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Vet rehab center? Not in my backyard!

A proposed rehabilitation facility for veterans in San Diego is garnering opposition from local residents who say they support the troops — just not in their backyard.

The head of one Washington-based veterans advocacy group called their opposition “shameful.”

“President Obama and the VA along with states are finally starting to do the right things to help veterans. It is shameful that someone would stand in the way,” Patrick Bellon, executive director of Veterans for Common Sense, told Stars and Stripes. “They just may not want to come face to face with the consequences of the wars from which they have been so insulated, but our veterans  who fought in those wars need help nonetheless. It seems wrong that 1 percent would bear the brunt of these conflicts and a community would just scoff at an opportunity to repay that sacrifice.”

The building is a half-block long, on San Diego Avenue in the city’s Old Town neighborhood,  and sits vacant. It was formerly used by the Thomas Jefferson School of Law. According to the website of the local ABC affiliate, 10news.com, the San Diego City Council will vote on whether to allow it in the coming months.

The proposed 40-bed center, with single rooms, would be intended for veterans who need a place to live for one to six months. The facility would also have in-house medical and psychiatric care.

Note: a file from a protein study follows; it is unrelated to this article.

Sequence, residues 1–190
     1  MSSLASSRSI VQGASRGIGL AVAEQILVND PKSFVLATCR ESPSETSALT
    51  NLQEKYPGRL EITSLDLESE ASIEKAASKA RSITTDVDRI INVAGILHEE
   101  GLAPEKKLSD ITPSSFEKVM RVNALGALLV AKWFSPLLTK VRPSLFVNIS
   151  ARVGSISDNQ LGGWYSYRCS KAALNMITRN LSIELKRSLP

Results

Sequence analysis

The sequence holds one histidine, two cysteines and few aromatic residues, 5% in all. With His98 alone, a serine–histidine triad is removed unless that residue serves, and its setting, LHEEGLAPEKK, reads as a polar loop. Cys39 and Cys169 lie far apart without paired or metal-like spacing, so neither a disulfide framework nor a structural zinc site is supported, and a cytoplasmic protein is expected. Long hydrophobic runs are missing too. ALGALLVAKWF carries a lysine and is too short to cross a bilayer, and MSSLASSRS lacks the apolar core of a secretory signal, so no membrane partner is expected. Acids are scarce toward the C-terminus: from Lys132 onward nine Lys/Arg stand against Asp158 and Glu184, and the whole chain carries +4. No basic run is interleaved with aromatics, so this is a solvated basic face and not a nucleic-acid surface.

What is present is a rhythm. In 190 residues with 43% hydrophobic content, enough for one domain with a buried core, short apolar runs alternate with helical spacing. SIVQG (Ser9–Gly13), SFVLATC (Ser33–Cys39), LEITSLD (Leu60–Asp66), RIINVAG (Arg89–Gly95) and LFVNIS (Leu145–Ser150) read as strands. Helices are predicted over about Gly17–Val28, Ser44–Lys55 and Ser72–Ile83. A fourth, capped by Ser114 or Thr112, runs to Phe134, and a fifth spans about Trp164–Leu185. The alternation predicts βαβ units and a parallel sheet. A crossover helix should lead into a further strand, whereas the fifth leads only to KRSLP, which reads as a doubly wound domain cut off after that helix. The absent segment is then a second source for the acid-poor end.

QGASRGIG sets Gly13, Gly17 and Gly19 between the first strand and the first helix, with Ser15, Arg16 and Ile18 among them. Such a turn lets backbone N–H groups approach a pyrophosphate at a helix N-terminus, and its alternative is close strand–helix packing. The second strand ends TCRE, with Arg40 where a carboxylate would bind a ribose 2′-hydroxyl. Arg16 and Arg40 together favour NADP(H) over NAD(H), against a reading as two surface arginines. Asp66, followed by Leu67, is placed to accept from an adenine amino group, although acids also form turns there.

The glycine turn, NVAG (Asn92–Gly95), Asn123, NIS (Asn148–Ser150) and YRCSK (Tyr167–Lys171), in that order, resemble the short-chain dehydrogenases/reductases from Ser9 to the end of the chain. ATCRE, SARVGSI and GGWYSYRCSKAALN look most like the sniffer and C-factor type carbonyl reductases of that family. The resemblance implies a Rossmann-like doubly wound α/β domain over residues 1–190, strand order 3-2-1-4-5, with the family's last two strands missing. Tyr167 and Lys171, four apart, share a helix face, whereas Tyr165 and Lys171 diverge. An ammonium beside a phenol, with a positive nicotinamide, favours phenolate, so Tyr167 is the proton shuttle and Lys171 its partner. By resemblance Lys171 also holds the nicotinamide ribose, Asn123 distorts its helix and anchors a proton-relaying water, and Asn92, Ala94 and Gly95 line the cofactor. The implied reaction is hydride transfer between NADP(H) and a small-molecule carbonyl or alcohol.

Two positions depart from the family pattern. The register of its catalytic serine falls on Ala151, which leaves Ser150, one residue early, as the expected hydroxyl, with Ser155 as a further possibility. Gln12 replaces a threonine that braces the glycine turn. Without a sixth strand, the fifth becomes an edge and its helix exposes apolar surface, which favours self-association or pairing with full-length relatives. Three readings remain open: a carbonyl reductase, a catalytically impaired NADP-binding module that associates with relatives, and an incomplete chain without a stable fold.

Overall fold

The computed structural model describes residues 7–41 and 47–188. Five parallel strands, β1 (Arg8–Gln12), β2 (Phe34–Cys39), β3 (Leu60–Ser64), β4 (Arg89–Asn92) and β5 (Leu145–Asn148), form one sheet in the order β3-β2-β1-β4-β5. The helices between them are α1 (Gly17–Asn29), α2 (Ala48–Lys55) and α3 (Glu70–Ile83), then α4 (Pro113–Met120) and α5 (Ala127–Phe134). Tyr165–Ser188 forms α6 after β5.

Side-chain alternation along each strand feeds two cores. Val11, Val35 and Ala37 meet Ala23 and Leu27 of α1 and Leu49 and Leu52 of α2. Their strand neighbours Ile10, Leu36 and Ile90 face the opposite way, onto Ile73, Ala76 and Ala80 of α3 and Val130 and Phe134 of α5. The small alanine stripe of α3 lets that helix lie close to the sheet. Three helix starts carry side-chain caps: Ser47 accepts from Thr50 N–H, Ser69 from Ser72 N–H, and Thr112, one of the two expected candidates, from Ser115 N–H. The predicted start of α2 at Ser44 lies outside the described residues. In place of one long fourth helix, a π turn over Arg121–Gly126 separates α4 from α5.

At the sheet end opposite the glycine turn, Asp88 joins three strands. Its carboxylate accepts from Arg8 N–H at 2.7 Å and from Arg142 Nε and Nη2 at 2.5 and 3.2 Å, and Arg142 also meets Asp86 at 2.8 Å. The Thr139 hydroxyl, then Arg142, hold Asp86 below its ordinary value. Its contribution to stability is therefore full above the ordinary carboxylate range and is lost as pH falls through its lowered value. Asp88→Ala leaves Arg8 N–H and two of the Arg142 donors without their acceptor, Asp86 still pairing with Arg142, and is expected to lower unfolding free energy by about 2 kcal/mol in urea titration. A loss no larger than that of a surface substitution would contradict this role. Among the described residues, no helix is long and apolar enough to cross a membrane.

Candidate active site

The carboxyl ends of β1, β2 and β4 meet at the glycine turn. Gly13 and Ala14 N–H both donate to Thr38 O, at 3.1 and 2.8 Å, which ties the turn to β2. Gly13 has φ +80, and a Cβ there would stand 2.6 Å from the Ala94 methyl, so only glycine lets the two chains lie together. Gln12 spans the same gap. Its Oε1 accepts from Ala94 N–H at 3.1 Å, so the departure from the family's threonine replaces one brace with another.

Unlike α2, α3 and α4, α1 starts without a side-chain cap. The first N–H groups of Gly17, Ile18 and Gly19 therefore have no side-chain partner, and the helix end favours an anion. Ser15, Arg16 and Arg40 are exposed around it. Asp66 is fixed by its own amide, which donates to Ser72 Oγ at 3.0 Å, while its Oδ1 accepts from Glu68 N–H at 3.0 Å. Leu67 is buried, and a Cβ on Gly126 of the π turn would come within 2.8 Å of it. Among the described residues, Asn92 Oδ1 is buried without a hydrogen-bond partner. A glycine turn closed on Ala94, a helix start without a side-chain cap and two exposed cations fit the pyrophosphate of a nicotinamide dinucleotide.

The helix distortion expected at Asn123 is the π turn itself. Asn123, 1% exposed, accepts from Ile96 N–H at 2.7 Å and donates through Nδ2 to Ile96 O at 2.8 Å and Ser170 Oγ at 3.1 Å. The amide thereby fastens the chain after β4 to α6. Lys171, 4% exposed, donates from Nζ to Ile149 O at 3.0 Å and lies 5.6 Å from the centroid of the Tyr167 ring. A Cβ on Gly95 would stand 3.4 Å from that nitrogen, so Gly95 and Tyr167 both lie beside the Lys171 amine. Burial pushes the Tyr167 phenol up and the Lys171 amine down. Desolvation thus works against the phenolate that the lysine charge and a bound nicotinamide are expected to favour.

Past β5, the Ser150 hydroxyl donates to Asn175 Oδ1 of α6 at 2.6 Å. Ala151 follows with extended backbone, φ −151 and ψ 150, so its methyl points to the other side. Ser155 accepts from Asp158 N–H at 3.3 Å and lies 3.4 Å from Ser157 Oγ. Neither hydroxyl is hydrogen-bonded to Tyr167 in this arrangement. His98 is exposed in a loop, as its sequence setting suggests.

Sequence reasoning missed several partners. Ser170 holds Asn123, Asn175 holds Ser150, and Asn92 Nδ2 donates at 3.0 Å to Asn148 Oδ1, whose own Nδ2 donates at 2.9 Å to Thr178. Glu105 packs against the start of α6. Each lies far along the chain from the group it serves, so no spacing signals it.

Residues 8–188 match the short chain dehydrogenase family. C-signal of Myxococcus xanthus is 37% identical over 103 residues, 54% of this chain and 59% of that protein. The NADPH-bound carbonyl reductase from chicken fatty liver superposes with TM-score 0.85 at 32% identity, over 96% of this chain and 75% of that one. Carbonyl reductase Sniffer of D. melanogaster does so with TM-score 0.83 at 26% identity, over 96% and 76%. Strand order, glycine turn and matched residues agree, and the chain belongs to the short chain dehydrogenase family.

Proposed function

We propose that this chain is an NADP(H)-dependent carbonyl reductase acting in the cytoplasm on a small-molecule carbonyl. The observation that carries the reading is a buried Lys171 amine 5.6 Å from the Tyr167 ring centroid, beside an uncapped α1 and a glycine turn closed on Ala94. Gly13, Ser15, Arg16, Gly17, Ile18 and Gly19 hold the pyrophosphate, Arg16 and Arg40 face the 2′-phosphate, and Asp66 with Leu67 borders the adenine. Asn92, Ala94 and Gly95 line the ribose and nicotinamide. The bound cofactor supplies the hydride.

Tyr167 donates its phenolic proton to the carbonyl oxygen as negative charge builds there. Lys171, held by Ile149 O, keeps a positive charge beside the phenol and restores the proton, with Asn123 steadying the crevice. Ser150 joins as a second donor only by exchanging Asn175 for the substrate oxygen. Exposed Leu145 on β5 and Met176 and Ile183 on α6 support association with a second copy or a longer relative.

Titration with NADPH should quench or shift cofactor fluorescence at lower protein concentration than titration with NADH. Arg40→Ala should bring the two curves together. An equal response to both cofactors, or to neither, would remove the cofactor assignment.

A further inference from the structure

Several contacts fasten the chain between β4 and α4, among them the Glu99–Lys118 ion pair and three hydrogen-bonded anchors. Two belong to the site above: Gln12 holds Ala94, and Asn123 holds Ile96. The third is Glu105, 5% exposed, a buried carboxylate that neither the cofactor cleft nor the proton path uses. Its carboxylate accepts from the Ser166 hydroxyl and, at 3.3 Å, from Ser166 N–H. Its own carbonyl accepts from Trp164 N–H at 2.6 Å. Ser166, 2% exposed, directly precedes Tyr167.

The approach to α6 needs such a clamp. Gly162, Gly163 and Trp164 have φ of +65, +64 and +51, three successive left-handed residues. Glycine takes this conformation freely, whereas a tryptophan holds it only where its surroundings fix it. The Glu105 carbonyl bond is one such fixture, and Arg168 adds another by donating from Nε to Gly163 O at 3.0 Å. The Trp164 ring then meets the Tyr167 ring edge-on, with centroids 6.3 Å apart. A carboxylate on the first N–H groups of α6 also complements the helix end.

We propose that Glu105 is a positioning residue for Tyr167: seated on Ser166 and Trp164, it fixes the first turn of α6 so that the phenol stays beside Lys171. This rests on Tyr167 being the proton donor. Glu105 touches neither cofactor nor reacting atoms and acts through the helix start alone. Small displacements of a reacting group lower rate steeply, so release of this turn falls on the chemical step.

Neighbors say they don’t want it, and they insist that they’re mostly against it for the vets’ own good.

“For the vets, I don’t think it’s a suitable place. They need wide open spaces. They shouldn’t be in a residential neighborhood,” said Janet Houts, whom the website described as “a longtime Old Town resident.”

Neighbors also said the bars, liquor stores and loud noise in the neighborhood were not ideal for rehabbing veterans.

“These all could be very impactful to somebody recovering from post-traumatic stress,” resident Lisa Mortensen said.

“We have been called unpatriotic,” Houts said. “We’re anything but that. We have a VA facility down the street. We have a mental facility [on a nearby street].”

Local veterans don’t buy it. The news report points out that the building Houts refers to, apparently the Vietnam Veterans Village of San Diego, is separated from the neighborhood by Interstate 5.

“So many of us served, and to come back and see our community not want us to be part of it is very [disheartening],” said Navy retiree Tara Wise. “It makes you feel like your service was for nothing.”

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